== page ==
Through these last few tough months of neurological dysfunctions throwing new challenge after new challenge in my path, I have remained very focused on my brain training through Acting, Golf, Music and Writing as a way out of this neurological mess I find myself in, but I have never forgotten the lessons of my fight with the brain tumour and have, as a result, continued to follow my balanced daily lifestyle to keep me as fit and healthy in body as I can be in order to prevent the disease, but also prevent the predicted decline towards mental ill health and/or dementia. I find peace from my affliction on each and every walk and cycle, and have also found the walks to be a most excellent vehicle on which to learn the words to what is required by my acting classes and thereby reinforce my fight against developing dementia or just becoming ‘demented’ as my Neurologist so gently puts it. On top of all of this activity, I continue, very gently, to try to fundraise for the Disasters Emergency Committee.

The really good news comes in four parts:

  1. I have broken the back of 2,000 miles cycled on the bike having now completed 2,095.59 miles on the bike.
  2. I have also broken the back of 2,000 miles walked having now completed 2,151.17 miles on foot.
  3. That means that I have also broken the back of 5,000 miles having been completed under my own steam having completed 5,027.37 miles walking, running, cycling, kayaking and swimming as well as cycling, cross-training, running, and rowing in the gym while ascending 232,231.29 feet!
  4. I have also broken the back of £17,000 raised having raised £17,180 with my recent donation of £756.45 to the Disasters Emergency Committee (DEC).

The disappointing news is that the amount that I have been able to raise has slowed somewhat. This is partly due to the crossover to supporting just the DEC which led to me losing a small handful of sponsors. It is also partly due to me spending less time walking and recruiting sponsors, and more time trying to train the brain on the golf course, learning to play music on the keyboard, and learning to act and write. But it is perhaps also due to the very nature of the neurological dysfunction. On telling the truth about how the dysfunction afflicts me, it portrays me perhaps as wholly unreliable and an unsafe bet as a potential sponsee for an event, or perhaps my writing is just too honest and I appear, therefore, distasteful and turn people away. I take this opportunity to reassure you that my neurological seizures appear to be linked to negative events and while I spend nearly every waking moment, when not walking, with the constant fine tremor reverberating through my body, face and hands, hinting of further dysfunction to come, when I am given a positive focus, like reciting a monologue in a play, reading in the church, doing a talk or a speech, or taking part in a fundraising event, or playing a tune on the keyboard, or singing a song, I have so far risen to the challenge and delivered what was required with only mild hints of neurological dysfunction.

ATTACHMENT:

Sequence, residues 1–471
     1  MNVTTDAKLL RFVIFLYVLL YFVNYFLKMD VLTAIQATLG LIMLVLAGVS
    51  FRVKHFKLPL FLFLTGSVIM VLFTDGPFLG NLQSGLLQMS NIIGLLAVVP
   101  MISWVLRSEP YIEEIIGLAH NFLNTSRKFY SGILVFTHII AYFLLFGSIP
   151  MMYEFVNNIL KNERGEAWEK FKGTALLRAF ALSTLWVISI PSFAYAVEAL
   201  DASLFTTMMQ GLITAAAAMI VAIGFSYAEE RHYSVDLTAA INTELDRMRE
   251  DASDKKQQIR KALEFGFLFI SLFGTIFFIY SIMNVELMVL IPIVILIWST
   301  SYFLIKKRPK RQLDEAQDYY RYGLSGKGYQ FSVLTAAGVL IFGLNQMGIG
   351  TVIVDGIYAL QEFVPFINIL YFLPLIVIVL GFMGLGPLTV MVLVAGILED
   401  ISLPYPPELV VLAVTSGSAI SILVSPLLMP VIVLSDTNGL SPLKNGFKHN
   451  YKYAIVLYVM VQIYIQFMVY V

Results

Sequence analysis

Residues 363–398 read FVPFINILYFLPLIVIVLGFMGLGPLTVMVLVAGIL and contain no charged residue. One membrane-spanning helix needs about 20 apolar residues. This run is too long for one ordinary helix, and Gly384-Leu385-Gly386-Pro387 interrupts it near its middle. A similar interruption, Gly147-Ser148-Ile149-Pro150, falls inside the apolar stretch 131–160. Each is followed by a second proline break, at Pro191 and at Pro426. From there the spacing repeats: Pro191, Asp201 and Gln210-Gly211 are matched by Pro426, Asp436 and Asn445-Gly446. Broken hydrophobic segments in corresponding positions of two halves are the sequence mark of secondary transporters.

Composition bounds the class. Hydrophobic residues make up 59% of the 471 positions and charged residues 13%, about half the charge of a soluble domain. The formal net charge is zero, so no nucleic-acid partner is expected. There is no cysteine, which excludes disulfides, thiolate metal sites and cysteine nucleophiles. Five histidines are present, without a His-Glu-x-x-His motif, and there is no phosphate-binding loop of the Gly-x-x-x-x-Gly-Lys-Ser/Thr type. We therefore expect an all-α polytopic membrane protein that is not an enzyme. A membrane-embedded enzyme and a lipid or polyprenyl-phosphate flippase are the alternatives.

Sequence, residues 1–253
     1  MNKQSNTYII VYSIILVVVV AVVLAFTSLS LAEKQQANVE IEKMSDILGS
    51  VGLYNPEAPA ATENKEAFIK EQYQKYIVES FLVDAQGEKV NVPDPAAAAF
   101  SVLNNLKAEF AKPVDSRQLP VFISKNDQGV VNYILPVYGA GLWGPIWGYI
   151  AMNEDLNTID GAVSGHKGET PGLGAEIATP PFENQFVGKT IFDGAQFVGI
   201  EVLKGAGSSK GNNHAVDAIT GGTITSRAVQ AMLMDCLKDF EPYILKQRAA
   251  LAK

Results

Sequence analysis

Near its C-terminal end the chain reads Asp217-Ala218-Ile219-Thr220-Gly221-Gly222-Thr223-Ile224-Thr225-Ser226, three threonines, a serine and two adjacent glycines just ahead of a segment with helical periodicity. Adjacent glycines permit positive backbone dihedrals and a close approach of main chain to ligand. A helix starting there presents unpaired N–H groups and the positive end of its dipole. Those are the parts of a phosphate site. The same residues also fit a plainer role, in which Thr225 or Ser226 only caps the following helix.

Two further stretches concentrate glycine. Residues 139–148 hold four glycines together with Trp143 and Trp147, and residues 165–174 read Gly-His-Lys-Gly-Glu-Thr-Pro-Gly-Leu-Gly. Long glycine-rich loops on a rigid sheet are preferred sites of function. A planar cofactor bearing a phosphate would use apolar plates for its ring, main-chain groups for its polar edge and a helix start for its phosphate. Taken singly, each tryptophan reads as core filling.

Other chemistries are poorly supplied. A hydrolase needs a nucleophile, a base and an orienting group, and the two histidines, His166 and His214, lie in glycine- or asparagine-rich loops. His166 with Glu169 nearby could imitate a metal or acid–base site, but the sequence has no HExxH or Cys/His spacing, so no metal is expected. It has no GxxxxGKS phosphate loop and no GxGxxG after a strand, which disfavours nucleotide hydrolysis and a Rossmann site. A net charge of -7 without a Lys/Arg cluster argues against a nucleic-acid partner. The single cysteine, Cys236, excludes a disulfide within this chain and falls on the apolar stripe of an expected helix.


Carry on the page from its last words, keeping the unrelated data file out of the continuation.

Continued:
I ask you therefore not to be discouraged or be turned away by the hard-hitting nature of my affliction. I am a very real person telling a very real story about a very real affliction that must, I guess, afflict many. Most, when talking to me briefly on meeting, are completely unaware of, and are always surprised to hear of my condition. I do look and sound well. My voice normally only really starts to waiver after 20 minutes or so of intense conversation, but not always, especially if it remains on a positive focus. I am a safe bet for a fundraising event. I face, every single day, a very real challenge to reverse the professional medical diagnosis that I will never be able to regain my cognitive function to what it once was; that I will need to downgrade considerably my aspirations for meaningful employment; that perhaps I should aspire to volunteering in a charity shop for an hour a week. I work hard, each and every single day, to improve my cognitive function, bypass the neurological dysfunction as much as possible, and rebuild the life skills and skills required in employment that can be sustained day in day out, week after week for the rest of my life.

Fundraising for the Disasters Emergency Committee gives me a sense of worth at the very time that I have little worth to the wider community, so please encourage me and help put a smile on my face by sponsoring me for just £1.00 per month then ask your family and friends to sponsor me too. There are 65 million active current accounts in the UK. If I can get just 1% to sponsor me for £1.00 per month then I can raise £650,000 per month for the DEC. Now that would give me a sense of worth!

I guarantee you that every single penny raised is accounted for and goes to the Disasters Emergency Committee to help those who need it most at a time when they need it most, at times of disaster.